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Sharing files on Azure with deployments from Dropbox

I regularly share files with people that I want them to grab over HTTP from a location without any auth or other hurdles. They’re not sensitive files, they’re things like exercises I might be running in workshops which I want people to download from a common location. I normally put them in Dropbox, “Share Dropbox Link” then shorten it with my custom troy.hn short URL so they can read it from the screen in a meeting room and point them there. In fact this is exactly what I did last week – just as I’d done many times before – and then this started happening:

Dropbox no longer serving a file

Admittedly, I’ve hit this before too and it happens once you start pumping too much content out to the public via Dropbox. They obviously don’t want the service hosting volumes of data that are served as if it was a website and I get that. I needed something a bit more reliable though so I decided to tackle it by using Azure to publish the Dropbox content to a website which also means I can do a few other neat things too. Here’s what I’ve done:

Firstly, you get yourself a website. If you’ve already got a basic or standard web hosting plan with Azure then it’s free as you can load those guys up with as many sites as the service can bear. Once the site is there (I called mine “troyhuntfiles”), you’ll see an option to set up continuous deployment:

The deployments panel in Azure

Now this is slightly misleading because as you’ll see soon, this process won’t really be “continuous” deployment, but this is where we’ll kick things off from. So into the deployment settings:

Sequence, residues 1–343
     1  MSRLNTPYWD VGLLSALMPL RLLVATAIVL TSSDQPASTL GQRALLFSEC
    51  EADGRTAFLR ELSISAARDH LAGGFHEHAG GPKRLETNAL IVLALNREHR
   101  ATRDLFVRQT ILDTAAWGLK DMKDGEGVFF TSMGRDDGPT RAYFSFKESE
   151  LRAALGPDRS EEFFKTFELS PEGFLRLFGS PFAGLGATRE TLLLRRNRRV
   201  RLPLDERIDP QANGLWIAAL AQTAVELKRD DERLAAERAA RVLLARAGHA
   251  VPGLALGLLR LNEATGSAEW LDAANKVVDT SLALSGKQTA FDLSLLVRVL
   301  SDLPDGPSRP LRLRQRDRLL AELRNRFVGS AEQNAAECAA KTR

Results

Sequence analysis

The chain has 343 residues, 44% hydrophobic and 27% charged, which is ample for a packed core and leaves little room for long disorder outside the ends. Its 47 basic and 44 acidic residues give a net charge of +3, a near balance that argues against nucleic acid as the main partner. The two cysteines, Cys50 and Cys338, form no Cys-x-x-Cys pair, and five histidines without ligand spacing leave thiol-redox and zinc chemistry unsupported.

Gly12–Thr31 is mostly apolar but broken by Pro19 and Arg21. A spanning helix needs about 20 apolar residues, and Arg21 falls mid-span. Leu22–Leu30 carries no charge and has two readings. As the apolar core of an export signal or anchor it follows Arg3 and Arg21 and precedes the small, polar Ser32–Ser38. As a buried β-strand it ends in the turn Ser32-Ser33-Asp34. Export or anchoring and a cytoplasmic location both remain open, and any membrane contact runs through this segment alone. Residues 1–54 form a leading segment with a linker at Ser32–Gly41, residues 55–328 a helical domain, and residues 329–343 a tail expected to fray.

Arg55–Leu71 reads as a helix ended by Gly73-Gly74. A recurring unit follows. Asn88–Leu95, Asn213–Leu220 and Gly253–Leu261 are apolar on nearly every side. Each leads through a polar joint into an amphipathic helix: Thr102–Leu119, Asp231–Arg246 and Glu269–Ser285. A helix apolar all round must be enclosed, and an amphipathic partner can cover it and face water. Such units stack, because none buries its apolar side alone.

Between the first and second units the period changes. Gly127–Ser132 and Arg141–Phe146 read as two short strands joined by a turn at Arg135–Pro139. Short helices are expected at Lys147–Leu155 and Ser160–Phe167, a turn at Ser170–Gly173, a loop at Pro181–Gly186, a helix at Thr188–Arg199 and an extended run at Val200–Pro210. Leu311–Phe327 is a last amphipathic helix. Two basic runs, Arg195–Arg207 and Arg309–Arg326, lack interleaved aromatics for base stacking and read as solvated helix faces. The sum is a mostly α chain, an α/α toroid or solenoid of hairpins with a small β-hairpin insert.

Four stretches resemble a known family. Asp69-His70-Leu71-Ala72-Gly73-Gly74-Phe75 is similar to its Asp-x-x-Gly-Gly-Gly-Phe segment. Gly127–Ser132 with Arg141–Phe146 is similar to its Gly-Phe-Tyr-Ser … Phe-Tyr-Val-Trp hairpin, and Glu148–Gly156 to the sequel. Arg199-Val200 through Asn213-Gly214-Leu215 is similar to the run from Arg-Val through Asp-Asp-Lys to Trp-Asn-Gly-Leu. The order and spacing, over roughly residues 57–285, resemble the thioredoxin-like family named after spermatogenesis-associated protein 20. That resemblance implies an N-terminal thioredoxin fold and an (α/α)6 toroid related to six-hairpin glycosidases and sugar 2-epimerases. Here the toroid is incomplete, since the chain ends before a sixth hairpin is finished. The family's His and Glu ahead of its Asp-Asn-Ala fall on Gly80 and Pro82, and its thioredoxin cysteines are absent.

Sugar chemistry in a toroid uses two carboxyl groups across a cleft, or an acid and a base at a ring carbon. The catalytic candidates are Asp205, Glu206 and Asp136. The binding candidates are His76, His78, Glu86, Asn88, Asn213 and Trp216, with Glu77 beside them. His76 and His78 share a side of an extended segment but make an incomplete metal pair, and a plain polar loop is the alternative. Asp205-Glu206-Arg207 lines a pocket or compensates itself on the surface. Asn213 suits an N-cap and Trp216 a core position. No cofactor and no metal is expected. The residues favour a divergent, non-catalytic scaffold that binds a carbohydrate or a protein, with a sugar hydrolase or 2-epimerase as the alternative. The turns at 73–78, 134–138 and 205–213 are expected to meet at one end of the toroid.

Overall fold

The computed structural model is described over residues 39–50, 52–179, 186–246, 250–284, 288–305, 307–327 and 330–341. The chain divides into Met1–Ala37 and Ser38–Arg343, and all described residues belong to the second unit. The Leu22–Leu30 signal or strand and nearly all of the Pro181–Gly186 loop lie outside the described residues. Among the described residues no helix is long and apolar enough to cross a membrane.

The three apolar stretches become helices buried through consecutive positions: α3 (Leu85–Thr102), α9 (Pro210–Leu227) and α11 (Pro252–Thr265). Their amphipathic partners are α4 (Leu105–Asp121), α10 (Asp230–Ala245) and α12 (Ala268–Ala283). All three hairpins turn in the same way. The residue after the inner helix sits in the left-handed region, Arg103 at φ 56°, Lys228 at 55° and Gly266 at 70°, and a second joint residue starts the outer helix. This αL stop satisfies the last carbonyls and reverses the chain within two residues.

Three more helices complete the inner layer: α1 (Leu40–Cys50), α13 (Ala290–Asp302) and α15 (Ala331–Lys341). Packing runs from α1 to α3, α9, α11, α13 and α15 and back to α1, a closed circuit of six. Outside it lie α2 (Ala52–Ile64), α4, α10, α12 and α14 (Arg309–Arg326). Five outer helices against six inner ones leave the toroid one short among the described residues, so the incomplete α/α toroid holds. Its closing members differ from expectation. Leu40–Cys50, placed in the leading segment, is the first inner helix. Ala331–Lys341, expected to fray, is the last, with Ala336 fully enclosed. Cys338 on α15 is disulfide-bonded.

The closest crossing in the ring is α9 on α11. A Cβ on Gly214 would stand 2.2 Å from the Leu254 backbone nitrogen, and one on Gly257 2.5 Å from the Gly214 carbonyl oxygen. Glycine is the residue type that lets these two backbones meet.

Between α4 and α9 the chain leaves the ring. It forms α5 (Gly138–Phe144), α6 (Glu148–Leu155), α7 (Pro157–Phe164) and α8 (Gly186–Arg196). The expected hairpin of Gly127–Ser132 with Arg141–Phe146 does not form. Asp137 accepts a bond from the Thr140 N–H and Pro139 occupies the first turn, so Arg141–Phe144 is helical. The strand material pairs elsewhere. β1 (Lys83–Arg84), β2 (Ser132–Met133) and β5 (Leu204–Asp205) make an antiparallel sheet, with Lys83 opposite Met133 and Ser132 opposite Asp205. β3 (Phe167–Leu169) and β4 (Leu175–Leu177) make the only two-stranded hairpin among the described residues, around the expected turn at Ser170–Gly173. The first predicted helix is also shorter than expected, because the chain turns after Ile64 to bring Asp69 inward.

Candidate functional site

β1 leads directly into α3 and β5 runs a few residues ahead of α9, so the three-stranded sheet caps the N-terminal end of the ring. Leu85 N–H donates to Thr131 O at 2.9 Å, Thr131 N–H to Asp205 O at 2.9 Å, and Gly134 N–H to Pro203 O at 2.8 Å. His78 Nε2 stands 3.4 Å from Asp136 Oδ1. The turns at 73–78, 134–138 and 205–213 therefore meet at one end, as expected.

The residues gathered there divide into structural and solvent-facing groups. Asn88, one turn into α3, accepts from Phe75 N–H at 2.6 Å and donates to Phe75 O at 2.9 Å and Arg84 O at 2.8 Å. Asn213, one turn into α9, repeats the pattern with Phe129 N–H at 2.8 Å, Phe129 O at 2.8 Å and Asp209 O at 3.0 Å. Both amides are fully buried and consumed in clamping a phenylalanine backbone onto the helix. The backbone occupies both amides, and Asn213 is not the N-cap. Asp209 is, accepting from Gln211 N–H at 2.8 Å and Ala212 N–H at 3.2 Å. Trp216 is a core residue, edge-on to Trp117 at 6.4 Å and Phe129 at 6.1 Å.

Choosing a deployment source

After choosing “Dropbox”, it’ll do some auth to make sure it has access to your content:

The autorisation settings for Dropbox

The Dropbox website challenges for a logon:

Dropbox asking for credentials

And now we begin doing the OAuth dance:

Dropbox prompting for access to Azure

Once this is done, the Dropbox client lets us know there’s something new to look at:

An alert from the Windows Dropbox client

And sure enough, I now have an “Apps” folder with an “Azure” folder within it:

Dropbox / Apps / Azure

This is empty bar a hidden Dropbox file:

Nothing in the Azure folder

Back in the browser, now that the OAuth magic is complete I get a folder named after the website which is then also created in the image above within that Azure directory:

The folder to deploy from defaults to the website name

Rollbacks might be useful for some purposes, but I’m not going to need them here:

Understanding rollbacks

And we’re done! Except that we have no deployments:

Still no deployments for the site

Nothing once we drill down into deployments either:

Empty deployments list

A quick hit on the “Sync” button though and magic happens:

1 deployment listed after syncing

We can drill down into the deployment details and see what happened – I’d dropped a single file into it before syncing so we’re seeing “1 change” in the message below:

History of the deployment with access to logs

And this now means we can go over to the website and see things actually working:

A text file loaded from the site after being deployed by Dropbox

Except that path is a bit verbose, let’s shorten it by adding a web.config with a URL rewrite rule:

<?xml version="1.0" encoding="utf-8"?>  
<configuration>
  <system.webServer>
    <rewrite>
      <rules>
        <rule name="short" stopProcessing="true">
          <match url="^short$" />
          <action type="Rewrite" url="Hey - it's a file.txt" />
        </rule>
      </rules>
    </rewrite>
  </system.webServer>
</configuration>

I’ll also add a domain to make things look extra slick:

Requesting the file via a short name and a URL

And that is it! Now when I want to add a file to the site I just place it in Dropbox, add a URL rewrite rule if I want a different path to the actual file name and then hit the sync button on the portal. Incidentally, apparently sync from Dropbox isn’t automatic or else you could end up with a perpetual syncing cycle if you’re editing a file and continually saving. A slicker option than going to the portal might be a quick PowerShell script to run the deploy but I tend to live with Azure open in a browser tab the whole time anyway so no biggie for me.

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Hi, I'm Troy Hunt, I write this blog, create courses for Pluralsight and am a Microsoft Regional Director and MVP who travels the world speaking at events and training technology professionals